It has long been obvious that within the next few years we would witness attempts to regulate the world of decentralised finance. As it turns out, one of the most revolutionary laws may be introduced through an amendment to an obscure regulation on information accompanying money transfers.
I’m referring to the proposed changes to Regulation (EU) 2015/847 of the European Parliament and of the Council of 20 May 2015 on information accompanying transfers of funds—also known as WTR2. It is part of a broader package of regulations aimed at combatting money laundering and financing of terrorism. The main aim of WTR2 is to ensure that money transfers are accompanied by relevant information enabling identification of the parties to the transaction.
Continue reading “How the “travel rule” could change the world of decentralised finance”
What could video games have in common with money laundering and terrorism financing? Not much, it might seem at first glance. The duties in the Anti Money Laundering and Counter Terrorism Financing Act are mainly addressed to entities involved in financial services, such as banks and payment institutions. The AML/CTF regulations don’t directly refer to video games or persons involved in their development and operation.
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The question posed in the title may seem surprising. Only four years ago another AML directive was published, marking the next stage of development of EU rules on money laundering and financing of terrorism (known as the 4th AML Directive or AMLD4). Its predecessor, AMLD3, was adopted 10 years before that. And just over a year ago significant changes in EU law were adopted, known as AMLD5, and the member states still have time to implement the latest changes into their national legal systems, with a deadline in January 2020.
Continue reading “The future of EU money-laundering laws: Will there be an AML Regulation?”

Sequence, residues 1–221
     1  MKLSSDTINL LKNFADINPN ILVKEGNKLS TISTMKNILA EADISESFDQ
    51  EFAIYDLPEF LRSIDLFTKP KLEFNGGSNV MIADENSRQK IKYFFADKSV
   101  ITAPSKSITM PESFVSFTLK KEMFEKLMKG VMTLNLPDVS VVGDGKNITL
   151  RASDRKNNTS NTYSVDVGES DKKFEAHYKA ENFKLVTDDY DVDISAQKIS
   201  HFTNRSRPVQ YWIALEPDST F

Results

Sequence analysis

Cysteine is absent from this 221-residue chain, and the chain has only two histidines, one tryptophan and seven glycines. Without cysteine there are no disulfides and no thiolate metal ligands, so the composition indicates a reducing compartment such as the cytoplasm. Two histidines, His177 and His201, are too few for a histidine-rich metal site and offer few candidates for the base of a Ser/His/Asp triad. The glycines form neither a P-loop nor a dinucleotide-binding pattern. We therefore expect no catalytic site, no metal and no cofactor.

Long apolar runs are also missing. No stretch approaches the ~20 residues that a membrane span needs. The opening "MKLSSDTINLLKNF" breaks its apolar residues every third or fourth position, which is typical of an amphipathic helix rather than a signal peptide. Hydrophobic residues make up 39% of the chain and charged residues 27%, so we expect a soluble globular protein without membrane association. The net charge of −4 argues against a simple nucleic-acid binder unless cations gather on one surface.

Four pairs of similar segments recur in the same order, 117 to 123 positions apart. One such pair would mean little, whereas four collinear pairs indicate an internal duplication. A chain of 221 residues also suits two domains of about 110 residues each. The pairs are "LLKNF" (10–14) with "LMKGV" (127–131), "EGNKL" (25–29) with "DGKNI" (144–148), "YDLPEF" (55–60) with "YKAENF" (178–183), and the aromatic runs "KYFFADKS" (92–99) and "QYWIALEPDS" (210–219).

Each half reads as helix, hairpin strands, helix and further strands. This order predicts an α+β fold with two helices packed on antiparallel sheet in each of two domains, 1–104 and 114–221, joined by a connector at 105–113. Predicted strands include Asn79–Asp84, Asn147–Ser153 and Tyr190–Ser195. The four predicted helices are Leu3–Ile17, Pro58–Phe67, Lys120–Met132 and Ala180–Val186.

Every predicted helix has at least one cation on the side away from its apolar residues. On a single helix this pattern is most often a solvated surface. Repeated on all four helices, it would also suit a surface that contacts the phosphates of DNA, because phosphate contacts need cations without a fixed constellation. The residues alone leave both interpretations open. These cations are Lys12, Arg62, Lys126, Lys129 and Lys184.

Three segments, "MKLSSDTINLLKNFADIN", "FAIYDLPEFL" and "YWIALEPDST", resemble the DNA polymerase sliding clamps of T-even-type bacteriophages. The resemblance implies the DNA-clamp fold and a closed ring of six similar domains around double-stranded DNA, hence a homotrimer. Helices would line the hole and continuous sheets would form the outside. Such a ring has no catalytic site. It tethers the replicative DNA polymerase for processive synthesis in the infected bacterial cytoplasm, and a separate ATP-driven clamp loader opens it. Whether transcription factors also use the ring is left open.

On 17 July 2019 the General Inspector of Financial Information (GIIF) published Poland’s first AML/CFT National Risk Assessment. This document of nearly 450 pages was prepared pursuant to the new Anti Money Laundering and Counter Financing of Terrorism Act, which introduced regulations requiring GIIF to prepare a national assessment and update it periodically.
Continue reading “New technologies in the AML/CFT National Risk Assessment”
For over five years, including within this blog, we have written about the changes in application of anti money laundering and counter terrorist financing (AML/CFT) regulations to activity involving crypto assets. But further legal changes and notable new interpretations continue to arise.
As I wrote nearly a year ago, at the request of the G20 countries the issue of crypto assets was taken up recently by several key global organisations involved in establishing standards in specific fields. One of them is the Financial Action Task Force (FATF), an international organisation appointed to develop and assist in implementing and monitoring standards for combating money laundering, financing of terrorism, and financing of the proliferation of weapons of mass destruction.
Continue reading “The next step in global regulation of crypto assets”
Newly formed companies, and companies that have been on the market for some time, are becoming increasingly aware of their obligations under AML/FT regulations. Firms in various sectors, such as the technological sector, do not always realise that these obligations are only applicable to the types of entities listed in AML laws. Some businesses employ know your customer (KYC) identification procedures equivalent to those provided for in AML laws even though they are not subject to these laws. The problem is that overzealousness of this kind might be a breach of laws in other areas, especially personal data laws, above all the GDPR.
Continue reading “Overzealous checking of customer identification can be harmful”